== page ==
Neumann NDH30 review: All the faith and no fatigue
The German brand’s new open-back studio headphones are true rivals to even their most acclaimed competitors.
⊕ Extremely low levels of distortion
⊕ Foldability a portability bonus
⊕ Sturdy build quality
⊖ Quality comes at a high price
⊖ Right-entry cable might annoy some
⊖ Not as comfortable as some competitors
Building on a long legacy of iconic studio microphones, Berlin-based Neumann turned its hand to the opposite end of the recording chain in 2010 by launching a succession of monitor speakers. Much later, in 2019, it followed up with its first pair of studio headphones, the NDH20, with the manufacturer promising a perfect balance of sound isolation and sonic accuracy.
Fast-forward three years and we have the open-backed NDH30s. With the same silver/black aesthetics and handy folding mechanism as the earlier NDH20s, these new headphones are designed to recreate the linear sound of a fully calibrated studio monitor system so that users can confidently put them to work in challenging, speaker-dominated applications such as mixing and mastering. While the NDH30s’ 38mm neodymium magnet drivers are slightly smaller than those of their competitors, including the Austrian Audio Hi-X65s, they have impressively low levels of measured distortion, even undercutting the similarly priced (and much lauded) Beyerdynamic DT 1990 PROs on this metric. The brand’s bold claim of delivering reference-quality sound directly to the ears is not without foundation, then.
Out of the box, the fit is largely pleasing. Plush, velvety ear cups more than cover the ears and there’s no excessive clamping pressure on the head. For longer listening sessions, they’re not as comfortable as the memory foam-adorned ear cups of the aforementioned Austrian Audios, but the folding mechanism of the Neumanns offers an advantage for making music on the move – even if the included carry pouch has no padding to stop its precious cargo getting knocked around.
Cable entry into the headphones is to the right, which can take some getting used to. A right-hander typing or tracking guitar, for example, will most likely not find this as ergonomic as the more conventional left-hand entry; there’s definitely an increased chance of the cable getting in the way. The quality of the cable itself is superb, however; braided and non-coiled, it locks into the headphone body with a twist mechanism.
Being open-backed, leakage from the rear side of the ear cups is abundant, but it’s not as distorted as some rival headphones and so perhaps not as annoying to others within earshot. The 120-ohm sensitivity means that the NDH30s work well with a wide range of equipment but are best matched with more powerful headphone amps. Our MacBook headphone port drives the headphones well but wouldn’t have gone very loud were that required. Things work much better when using an audio interface headphone preamp.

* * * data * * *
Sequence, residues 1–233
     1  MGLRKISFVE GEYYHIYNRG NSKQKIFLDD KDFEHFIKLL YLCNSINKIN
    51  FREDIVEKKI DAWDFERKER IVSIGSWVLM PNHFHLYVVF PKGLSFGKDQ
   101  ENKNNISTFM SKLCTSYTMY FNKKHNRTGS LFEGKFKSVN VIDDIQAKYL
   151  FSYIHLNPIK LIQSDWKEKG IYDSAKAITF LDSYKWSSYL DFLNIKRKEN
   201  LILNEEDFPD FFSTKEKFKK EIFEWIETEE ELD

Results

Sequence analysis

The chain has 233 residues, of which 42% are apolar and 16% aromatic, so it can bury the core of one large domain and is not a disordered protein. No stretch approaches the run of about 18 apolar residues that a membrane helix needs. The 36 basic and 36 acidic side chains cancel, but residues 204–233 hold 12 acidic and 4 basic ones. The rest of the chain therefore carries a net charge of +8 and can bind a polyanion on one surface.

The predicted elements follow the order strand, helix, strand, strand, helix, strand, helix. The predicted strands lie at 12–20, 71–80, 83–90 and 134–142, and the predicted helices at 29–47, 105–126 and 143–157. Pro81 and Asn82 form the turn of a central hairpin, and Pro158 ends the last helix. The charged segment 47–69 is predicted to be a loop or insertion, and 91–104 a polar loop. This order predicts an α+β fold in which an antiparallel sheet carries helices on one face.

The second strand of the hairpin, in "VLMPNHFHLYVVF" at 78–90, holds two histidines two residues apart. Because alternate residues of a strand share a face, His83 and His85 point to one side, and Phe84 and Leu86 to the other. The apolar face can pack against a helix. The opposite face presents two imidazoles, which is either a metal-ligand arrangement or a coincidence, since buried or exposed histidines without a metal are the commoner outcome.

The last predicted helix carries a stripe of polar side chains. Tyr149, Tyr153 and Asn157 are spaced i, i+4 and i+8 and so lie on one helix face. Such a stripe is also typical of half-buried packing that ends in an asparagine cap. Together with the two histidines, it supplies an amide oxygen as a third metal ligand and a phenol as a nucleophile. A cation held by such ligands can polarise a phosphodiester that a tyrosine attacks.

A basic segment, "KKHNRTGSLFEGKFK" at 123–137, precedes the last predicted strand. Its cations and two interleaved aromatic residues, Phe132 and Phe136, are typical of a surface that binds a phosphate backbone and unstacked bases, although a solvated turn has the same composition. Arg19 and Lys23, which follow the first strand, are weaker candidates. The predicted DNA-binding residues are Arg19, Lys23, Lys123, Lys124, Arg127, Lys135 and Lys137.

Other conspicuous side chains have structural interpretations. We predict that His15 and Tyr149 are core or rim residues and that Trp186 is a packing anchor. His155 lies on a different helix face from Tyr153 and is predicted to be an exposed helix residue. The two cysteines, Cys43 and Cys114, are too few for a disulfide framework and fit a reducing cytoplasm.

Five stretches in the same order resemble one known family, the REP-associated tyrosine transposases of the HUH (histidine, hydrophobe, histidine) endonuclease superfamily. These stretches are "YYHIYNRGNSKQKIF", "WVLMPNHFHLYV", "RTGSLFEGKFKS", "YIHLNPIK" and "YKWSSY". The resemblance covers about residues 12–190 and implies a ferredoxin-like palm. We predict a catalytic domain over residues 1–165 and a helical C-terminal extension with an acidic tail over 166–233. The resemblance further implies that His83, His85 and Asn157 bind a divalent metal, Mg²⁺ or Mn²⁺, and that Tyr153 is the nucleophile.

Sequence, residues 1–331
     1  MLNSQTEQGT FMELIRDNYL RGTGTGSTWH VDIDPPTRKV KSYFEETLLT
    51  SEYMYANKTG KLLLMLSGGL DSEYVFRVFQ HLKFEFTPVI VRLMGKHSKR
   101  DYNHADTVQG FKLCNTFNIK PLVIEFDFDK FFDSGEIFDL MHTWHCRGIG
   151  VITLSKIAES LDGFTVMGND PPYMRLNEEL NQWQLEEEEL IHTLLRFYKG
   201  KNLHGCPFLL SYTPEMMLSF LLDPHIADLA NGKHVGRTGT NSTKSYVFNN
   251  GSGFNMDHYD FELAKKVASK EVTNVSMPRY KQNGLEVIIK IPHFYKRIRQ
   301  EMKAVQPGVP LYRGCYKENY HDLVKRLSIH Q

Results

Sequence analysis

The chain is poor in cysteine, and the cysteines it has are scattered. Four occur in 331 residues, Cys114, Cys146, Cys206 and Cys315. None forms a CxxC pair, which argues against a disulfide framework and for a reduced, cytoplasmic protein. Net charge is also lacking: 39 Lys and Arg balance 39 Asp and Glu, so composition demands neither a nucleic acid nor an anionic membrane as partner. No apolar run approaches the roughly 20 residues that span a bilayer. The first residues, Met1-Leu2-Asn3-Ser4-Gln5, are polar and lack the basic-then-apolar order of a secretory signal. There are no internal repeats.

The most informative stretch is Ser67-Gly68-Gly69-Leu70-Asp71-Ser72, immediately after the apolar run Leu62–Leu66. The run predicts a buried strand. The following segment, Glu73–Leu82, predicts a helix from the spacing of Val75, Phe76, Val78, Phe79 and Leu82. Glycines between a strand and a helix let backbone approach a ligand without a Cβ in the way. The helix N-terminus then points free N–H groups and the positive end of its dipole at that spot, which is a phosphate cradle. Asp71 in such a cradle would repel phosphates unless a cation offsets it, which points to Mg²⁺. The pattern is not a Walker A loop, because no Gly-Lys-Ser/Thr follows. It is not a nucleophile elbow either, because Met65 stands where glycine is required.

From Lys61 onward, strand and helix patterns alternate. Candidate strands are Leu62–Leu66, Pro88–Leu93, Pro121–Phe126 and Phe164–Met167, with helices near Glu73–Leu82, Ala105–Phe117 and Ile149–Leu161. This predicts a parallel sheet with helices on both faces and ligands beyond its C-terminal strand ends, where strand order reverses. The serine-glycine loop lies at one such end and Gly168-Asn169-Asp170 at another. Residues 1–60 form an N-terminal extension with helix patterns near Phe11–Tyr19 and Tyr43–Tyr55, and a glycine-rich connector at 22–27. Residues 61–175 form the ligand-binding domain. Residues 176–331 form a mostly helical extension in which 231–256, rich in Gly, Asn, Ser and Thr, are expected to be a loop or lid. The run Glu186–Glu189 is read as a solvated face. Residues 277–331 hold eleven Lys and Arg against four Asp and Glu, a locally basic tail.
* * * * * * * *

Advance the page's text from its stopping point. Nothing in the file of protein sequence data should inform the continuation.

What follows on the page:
Naughty Boy’s La La La is one of our go-to tracks for evaluating bass extension. The sub-bass keyboard lines in the track are full but not overwhelming, just like a full-range studio monitor system that’s had the sub set to a calibrated level rather than being pumped to the max. The song’s snare line – which tends to bite too fiercely in the high midrange on some headphones and speakers – cuts through here but thankfully doesn’t hurt to listen to.
We select Jamie Woo’s Sharpness to give the lows and mids a good workout. We’re able to distinguish the multiple synth lines from one another, and the crunchy lo-fi distortion artefacts of the production can be clearly heard without the masking that might be encountered on cheaper headphones.
Taking in Steely Dan’s perennial reference favourite Aja, the piano, snare and hi-hats come through with detail and articulation but aren’t hyped at the top end. There’s lovely tom drum and bass guitar clarity throughout, providing focus to both the transients and sustain portions of each instrumental line. Like the top end of the range, the bass extension doesn’t seem at all forced and the stereo imaging is really pleasing.
Songs with masses of distorted guitar are ideal for judging the tonal balance of the high and mid ranges. Facing Hell by Ozzy Osbourne is our choice here, with its layered, low-voiced guitar chords. The important midrange is even and realistic through the NDH30s, without any distracting fizziness. Again, punchy snare hits cut through with a nice thwack that’s not too harsh to bear.
The right fit?
When considering the usual trade-off between accuracy and hype when voicing transducers, Neumann’s NDH30s come down firmly on the side of the former. They demonstrate faithful reproduction across a number of sources and reference track genres, without any obvious tonal shifts in the form of boosts or scooping. The top and bottom end of the spectrum are present and correct but don’t feel unnecessarily overblown – a plus point when making critical equalisation decisions during a mastering session, for example.
Despite their response being more transparent than the competing Hi-X65s – with their sparkling highs – wearing the NDH30s isn’t quite as comfortable an experience. As a result, we didn’t always feel as enveloped in the music as we did with the Austrian Audios.
Ultimately, though, the Neumanns’ sound quality creeps up on you. Though not ultra-exciting on the first or second listen, when we return to our usual (admittedly lower priced) studio headphones following an NDH30 listening session, we’re met with unacceptably fizzy high mids, scooped low mids and an indistinct, woolly bass performance that’s wholly disheartening.
If truthful reproduction is high on your list of priorities, the NDH30s are worthy of consideration – in fact, you’d need to spend a lot more to improve upon their linearity of response.
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